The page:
3 Maternity Gown Styles -- Are You a Bethenny or a Basic?

Amy Keyishian
5

Pretty Pushers
Pretty Pushers
With my imminent hospital stay weighing heavy on my mind (and my bladder), I just ordered up a nursing nightie so my stepkids won’t have to see me wrestling with the charming standard-issue hospital gown I remember so fondly from my last visit to the maternity ward.
 
Actually, I do kinda love those gowns. Sure, they gape open at the back and their mint-green hue flatters nobody, but there’s, like, a stack of them, and the minute you stain one you just grab another. You can always put your robe on to waddle down the hall to the nursery.
 
Yet look what came up when I searched for my nursing gown: designer hospital gowns. Uh ... what? I mean, are you supposed to really wear them when you’re pushing? Won’t they get blood and ooze on them? How many do you buy, and who’s going to wash them?!
 
Silly. But there seems to be a demand. Here, take a look at designer hospital gowns three (more) different ways, and see what you think.

Pretty Pushers ($24 to $35 at Amazon, pictured above) are seriously cut like a cocktail dress. They have ties up the front and a low back with a flouncy godet hem; the plain version has a ruffled neckline, while the “I dream of ...” line comes in vivid colors. They are 100 percent organic cotton and made in the USA, so that’s marvelous, but I have a hard time imagining how they would work with an epidural; I can imagine my stern L&D nurses ordering me out of it and into the nice, sterile, standard-issue gown for pushing and birthing.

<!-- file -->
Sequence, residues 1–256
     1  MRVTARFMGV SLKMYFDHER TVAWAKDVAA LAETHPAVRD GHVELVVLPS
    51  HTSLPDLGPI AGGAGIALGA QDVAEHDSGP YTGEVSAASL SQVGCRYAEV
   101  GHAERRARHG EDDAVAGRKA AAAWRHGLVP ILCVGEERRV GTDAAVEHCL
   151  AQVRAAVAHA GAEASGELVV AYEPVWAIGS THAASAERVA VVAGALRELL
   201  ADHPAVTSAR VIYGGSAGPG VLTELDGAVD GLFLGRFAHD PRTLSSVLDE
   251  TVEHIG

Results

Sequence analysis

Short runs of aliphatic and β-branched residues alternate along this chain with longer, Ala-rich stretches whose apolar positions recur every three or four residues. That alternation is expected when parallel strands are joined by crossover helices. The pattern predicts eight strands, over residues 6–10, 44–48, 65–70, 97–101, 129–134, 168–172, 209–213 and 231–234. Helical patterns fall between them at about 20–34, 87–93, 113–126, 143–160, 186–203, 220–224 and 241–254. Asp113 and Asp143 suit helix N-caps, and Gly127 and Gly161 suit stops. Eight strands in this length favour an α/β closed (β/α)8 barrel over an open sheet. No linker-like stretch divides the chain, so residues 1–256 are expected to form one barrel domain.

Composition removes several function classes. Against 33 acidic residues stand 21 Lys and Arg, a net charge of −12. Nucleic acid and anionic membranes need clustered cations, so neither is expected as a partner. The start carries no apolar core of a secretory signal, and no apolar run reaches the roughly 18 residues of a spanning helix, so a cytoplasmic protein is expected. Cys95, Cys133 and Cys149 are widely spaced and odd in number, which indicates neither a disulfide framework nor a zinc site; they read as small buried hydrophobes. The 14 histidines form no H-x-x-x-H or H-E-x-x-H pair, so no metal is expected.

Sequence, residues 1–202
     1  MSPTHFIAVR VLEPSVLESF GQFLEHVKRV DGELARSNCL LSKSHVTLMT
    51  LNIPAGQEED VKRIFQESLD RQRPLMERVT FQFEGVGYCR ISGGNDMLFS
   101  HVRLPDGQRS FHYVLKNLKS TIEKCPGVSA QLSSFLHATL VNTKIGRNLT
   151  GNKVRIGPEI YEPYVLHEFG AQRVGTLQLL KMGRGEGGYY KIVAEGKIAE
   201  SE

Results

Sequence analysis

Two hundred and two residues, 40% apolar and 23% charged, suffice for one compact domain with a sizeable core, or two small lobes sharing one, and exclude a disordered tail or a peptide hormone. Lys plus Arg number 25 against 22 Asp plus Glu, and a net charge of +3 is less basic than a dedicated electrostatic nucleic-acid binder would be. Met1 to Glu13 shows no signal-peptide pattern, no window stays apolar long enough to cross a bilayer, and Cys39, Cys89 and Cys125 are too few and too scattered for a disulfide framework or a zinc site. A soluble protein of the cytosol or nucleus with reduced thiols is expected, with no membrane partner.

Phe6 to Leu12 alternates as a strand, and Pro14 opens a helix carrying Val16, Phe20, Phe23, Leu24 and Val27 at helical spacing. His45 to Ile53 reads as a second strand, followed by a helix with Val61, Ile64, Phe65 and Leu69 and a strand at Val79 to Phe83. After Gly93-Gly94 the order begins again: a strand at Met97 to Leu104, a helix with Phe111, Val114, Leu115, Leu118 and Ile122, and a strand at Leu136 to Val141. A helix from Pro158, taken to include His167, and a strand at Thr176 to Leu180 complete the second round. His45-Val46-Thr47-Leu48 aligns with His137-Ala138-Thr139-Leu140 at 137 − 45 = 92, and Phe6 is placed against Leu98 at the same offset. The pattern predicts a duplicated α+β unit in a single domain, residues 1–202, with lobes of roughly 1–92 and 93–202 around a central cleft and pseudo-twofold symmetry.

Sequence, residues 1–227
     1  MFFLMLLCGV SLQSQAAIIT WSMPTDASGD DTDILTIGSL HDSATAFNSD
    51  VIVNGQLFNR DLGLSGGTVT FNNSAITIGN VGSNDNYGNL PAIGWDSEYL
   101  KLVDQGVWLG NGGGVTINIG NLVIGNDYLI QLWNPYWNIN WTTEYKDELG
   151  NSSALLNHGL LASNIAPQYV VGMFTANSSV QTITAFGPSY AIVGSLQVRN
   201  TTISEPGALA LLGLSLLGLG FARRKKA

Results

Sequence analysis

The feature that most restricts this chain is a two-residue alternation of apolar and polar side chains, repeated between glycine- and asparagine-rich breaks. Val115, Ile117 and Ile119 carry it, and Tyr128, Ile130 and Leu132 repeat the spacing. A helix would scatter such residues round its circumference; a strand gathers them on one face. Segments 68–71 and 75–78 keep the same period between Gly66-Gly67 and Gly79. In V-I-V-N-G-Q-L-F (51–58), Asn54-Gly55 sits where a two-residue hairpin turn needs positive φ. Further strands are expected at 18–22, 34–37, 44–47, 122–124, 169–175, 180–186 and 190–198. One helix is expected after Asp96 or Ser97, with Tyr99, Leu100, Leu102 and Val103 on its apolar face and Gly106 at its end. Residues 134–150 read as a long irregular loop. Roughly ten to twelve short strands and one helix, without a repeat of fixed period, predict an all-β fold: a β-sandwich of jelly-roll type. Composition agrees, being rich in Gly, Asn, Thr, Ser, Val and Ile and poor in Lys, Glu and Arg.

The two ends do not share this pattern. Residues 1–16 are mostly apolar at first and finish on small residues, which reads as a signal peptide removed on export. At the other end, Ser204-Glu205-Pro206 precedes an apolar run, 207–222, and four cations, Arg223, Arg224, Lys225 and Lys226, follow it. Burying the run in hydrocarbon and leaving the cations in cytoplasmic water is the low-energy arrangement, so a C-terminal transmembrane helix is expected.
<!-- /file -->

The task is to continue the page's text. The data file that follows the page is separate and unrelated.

Gownies
Gownies
Gownies ($30 to $50 at Amazon) are plain and traditional in shape and design, with the ties and flaps exactly where the hospital puts them. They’re 100 percent cotton and come in smaller sizes, so I suppose the main objection is that the hospital gowns are too big? Satin trim and very cute prints do make these tempting. But again: How do you wash them? And don’t you just go through tons?

 

 

 

 

 
Dear Johnnies
Dear Johnnies
Dear Johnnies ($40 to $72 at DearJohnnies.com) are the super-fancy option, with the celebrity testimonials to prove it (ahem: Bethenny Frankel!). You can even have them monogrammed. But dear god, at $72 a pop, they are for someone other than me -- the rich really are different!
 

 
 

 

 

What do you think of designer hospital gowns? Silly or super? Do you wish you could grab a few? Do you know someone who got them? Tell us in the comments!


Images: Prettypushers.com, Amazon.com, DearJohnnies.com

Read More